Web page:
Criminal Defense Investigators is usually private, independent professionals who collect evidence and information for a criminal defense lawyer’s case. While the prosecution often has several active investigators (i.e. police detectives, forensic scientists, and criminal lawyers) working on their cases, many defendants gamble without even hiring one. They trust that the professionals working for their attorney will investigate and gather evidence and statements from witnesses to present their case against the defendant.
Often, the criminal defense attorneys work in tandem with other professionals from the justice system like police, public defenders, and forensic scientists. Together, they try to prove the innocence or guilt of the defendant. In this process, criminal defense investigators can play a vital role.
While police are entrusted with gathering evidence to solve crimes, public defenders are charged with adhering to legal proceedings and defending the accused. They are the ones responsible for interviewing witnesses and collecting evidence for prosecutors to use in court. Together, they attempt to prove the defendant innocent using different techniques, such as interviewing suspects, checking possible DNA samples, and checking for discrepancies between statements and physical evidence. The goal of criminal defense investigators is to provide overwhelming evidence to their clients and public defenders that help them build successful cases.
Aside, from interviewing witnesses and gathering evidence, criminal defense investigators also conduct secret investigations. The main purpose of these is to expose the schemes of the opposing party to foil them before the trial. These investigations can be either a hit and run or a sting operation. In a hit and run investigation, a criminal defense investigator will follow a trail of bread to reveal hidden treasure, and in a sting operation, the investigators go to a target and expose his wrongdoing. This type of undercover investigation is more common in complex crime cases involving money laundering or other serious white collar crime.
The majority of professional investigators start out by becoming associates with an attorney. This is usually referred to as an “introduction”. Once an investigator becomes a member of an attorney’s firm, he or she will be given the authority to handle any and all matters concerning the case as requested by the attorney. Working closely with an attorney allows criminal defense investigators to gather vital information that cannot be accessed by other professionals. Because an investigator spends more time with their attorney, the attorney can ensure that all details of the case are handled appropriately.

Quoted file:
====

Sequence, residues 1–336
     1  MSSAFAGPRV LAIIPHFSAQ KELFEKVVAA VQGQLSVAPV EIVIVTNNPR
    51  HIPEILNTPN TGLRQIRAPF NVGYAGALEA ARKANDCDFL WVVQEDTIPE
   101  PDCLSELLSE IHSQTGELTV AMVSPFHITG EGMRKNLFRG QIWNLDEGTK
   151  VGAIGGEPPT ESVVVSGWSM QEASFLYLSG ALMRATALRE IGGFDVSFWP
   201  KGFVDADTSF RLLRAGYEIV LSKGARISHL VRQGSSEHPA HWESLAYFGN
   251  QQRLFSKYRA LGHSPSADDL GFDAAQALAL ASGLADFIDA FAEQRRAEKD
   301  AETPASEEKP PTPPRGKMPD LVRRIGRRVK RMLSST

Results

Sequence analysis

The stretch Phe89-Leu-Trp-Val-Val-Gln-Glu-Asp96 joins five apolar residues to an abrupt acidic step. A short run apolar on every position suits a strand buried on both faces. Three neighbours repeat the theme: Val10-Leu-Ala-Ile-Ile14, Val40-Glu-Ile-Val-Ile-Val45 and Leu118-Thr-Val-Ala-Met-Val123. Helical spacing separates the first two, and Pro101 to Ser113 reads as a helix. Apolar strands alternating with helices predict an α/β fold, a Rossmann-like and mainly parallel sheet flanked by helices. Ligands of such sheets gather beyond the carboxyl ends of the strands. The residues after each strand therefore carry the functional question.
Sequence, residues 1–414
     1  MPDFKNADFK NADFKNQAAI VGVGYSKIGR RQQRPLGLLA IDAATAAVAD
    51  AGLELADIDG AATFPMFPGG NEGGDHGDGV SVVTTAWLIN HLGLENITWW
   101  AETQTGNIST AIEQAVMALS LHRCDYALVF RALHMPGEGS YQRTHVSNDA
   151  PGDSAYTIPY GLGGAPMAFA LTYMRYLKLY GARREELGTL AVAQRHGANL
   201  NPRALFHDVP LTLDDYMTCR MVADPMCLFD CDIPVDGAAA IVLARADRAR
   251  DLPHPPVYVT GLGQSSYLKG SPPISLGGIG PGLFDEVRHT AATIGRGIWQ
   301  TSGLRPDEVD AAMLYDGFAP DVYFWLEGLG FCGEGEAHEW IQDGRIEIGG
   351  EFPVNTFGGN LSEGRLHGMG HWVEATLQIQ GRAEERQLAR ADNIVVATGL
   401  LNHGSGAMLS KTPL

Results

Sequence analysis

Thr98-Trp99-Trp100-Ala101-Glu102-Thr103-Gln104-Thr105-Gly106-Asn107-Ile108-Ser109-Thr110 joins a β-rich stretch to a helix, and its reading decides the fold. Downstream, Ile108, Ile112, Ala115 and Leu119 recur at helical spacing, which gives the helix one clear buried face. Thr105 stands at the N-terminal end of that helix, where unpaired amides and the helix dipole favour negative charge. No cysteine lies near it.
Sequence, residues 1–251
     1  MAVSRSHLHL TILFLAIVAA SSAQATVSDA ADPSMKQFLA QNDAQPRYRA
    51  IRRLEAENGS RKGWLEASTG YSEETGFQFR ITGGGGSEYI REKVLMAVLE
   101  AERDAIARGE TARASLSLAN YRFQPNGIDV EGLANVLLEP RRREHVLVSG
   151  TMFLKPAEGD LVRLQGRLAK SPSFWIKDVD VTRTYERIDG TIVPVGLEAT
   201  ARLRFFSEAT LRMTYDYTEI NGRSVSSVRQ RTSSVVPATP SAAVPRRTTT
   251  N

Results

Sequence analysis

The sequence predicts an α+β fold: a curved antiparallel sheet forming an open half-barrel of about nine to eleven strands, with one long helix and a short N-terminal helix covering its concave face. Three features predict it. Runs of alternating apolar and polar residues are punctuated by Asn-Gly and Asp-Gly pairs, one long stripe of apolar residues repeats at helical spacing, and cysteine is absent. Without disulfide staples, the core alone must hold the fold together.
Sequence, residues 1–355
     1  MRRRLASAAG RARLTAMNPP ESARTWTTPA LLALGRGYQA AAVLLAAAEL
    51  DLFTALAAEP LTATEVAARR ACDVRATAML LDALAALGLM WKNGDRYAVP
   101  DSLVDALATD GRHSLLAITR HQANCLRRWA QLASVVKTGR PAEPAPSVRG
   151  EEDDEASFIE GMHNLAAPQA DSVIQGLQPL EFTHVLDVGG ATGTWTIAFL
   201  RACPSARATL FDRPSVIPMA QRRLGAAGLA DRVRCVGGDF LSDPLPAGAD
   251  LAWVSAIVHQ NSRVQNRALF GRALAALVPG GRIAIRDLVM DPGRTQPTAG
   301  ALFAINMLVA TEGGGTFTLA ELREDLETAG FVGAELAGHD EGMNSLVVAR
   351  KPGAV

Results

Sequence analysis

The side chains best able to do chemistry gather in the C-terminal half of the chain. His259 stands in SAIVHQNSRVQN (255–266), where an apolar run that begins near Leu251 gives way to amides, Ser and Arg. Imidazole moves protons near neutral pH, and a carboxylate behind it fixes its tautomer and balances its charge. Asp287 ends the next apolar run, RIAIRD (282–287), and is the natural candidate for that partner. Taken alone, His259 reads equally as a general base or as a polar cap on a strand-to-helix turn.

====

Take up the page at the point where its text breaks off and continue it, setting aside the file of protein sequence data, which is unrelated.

Sometimes criminal defense investigators may be required to utilize financing options in order to pursue cases that are not typical of their practice. Typically, members of the legal defense team will work with private detectives and/or investigators who belong to a law firm or agency that works on a per case basis. Members of this financing institution are often knowledgeable about advances made by the local or state prosecuting attorney’s office to finance legal representation for indigent defendants. In some instances, the financing institution will work closely with the individual law firm or agency that employed the investigator in order to make certain that the investigative service is provided in full accordance with their agreements. In these circumstances, if the financial institution does not ultimately provide the client with a sufficient amount of funding to employ the investigative personnel, the law firm or agency may in turn assign the representative to another case.
In other situations, criminal defense investigators may need to use Forensic Evidence in support of their clients’ legal team. Generally, when utilizing Forensic Evidence in support of the legal team, it is important that the legal team and the investigator fully understand the procedures and protocols involved in the testing of the Forensic Evidence. Failure to fully learn the importance of collecting the appropriate evidence can have severe consequences both directly and indirectly to the legal team.
Currently, there are two current Certifications that criminal defense investigators may need to be certified in. The first Certification is the Certified Criminal Investigator (CDDI) designation and the second is the Certified Fraud Examiner (CFE). Currently, there are no requirements that criminal defense investigators obtain additional certifications other than the CDDI designation. If you are an aspiring forensic investigator, however, it is important to be very well-informed about the different certifications in order to make sure that you receive the most benefit from your education and training. This information is available through a variety of sources on the internet including, but not limited to, the Human Resources Department at the local state police office, the Federal Bureau of Investigation, the National Association of Inspectors, the National Security Agency, the United States Bureau of Labor Statistics and several other similar websites.